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German businesses fret over profit threat from Russia Ukraine sanctions


German businesses fret over profit threat from Russia Ukraine sanctions

German business morale was down for the first time in five months in March as companies in Europe’s largest economy worry about the effects of the Ukraine crisis.

According to surveys of 7,000 firms carried out by the Munich-based Ifo economic think tank there are fears a standoff with Russia and further sanctions over Ukraine would hurt businesses in a key market.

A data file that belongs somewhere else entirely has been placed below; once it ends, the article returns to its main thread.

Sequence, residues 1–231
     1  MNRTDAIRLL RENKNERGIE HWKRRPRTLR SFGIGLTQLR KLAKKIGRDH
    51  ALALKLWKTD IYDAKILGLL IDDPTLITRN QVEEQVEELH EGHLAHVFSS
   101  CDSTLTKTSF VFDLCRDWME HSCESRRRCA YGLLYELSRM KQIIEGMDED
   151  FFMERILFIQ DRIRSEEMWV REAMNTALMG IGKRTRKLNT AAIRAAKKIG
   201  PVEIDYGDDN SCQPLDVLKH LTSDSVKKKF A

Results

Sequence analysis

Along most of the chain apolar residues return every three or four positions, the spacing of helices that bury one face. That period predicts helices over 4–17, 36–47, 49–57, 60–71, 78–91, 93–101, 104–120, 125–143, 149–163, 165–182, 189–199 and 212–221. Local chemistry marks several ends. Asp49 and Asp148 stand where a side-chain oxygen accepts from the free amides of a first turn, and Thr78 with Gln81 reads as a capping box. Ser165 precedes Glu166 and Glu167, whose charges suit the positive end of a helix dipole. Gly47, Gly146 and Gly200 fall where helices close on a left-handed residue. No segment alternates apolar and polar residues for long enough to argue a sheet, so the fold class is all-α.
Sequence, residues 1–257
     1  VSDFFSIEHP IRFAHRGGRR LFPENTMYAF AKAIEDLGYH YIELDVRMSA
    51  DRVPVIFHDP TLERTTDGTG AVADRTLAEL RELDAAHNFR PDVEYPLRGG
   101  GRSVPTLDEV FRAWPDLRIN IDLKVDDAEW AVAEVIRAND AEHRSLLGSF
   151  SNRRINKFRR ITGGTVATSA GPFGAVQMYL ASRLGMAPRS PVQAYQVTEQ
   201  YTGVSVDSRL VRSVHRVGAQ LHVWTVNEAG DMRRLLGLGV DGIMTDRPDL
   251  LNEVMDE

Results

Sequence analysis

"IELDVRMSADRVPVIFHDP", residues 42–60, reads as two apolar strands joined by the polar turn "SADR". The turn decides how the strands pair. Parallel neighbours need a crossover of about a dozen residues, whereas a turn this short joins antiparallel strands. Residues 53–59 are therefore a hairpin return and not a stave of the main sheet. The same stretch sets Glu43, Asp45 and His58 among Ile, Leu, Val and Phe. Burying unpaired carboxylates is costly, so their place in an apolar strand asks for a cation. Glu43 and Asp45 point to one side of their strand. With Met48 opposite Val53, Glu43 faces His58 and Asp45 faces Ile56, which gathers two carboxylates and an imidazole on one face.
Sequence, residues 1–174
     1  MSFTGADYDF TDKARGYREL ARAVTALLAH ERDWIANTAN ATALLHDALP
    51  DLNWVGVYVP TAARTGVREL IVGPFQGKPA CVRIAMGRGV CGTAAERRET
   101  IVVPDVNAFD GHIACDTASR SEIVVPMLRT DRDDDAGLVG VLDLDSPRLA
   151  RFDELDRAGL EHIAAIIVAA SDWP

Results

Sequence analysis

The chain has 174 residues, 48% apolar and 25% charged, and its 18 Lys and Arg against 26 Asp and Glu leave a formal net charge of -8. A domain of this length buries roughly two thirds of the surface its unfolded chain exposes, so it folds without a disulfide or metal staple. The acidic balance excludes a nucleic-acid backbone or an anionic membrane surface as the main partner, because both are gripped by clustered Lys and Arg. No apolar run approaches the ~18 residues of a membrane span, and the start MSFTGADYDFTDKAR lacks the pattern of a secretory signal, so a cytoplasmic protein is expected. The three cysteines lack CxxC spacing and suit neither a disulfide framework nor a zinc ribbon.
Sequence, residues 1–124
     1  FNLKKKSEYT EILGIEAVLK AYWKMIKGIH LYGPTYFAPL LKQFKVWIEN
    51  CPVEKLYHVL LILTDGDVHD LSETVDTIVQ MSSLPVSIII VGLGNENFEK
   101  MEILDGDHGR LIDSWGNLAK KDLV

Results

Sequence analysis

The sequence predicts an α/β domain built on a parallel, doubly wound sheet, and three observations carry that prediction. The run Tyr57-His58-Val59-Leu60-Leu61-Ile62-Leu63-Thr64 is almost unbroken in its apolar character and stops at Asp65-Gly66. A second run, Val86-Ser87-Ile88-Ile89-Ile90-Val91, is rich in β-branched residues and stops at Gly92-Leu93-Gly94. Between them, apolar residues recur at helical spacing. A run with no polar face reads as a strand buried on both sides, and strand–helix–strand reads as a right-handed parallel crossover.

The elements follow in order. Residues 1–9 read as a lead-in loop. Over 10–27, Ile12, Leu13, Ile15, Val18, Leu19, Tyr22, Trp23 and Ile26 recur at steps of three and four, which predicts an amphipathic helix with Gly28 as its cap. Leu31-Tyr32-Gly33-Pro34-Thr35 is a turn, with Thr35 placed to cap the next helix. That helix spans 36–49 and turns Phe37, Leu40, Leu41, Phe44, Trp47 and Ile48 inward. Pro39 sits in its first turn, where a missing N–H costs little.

Germany receives more than a third of its gas and oil from Russia and over 6,000 German companies are active there.

Orders are already down as the value of the rouble falls.

Lemken, a German manufacturer of ploughs and other farm machinery, has seen a big drop-off in orders from Russia, its second-biggest export market after France, in recent weeks as a sliding rouble raises their sale price.

German generic drugmaker Stada Arzneimittel on Monday scrapped its 2014 outlook, blaming a slide in the Russian and Ukrainian currencies against the euro and uncertainty over business prospects in Russia, its second-biggest market.

Germany’s “wise men” council of economic advisers said last week that the Ukraine crisis was the biggest threat to growth globally, and especially in Germany, because of Russia’s importance as an energy exporter.

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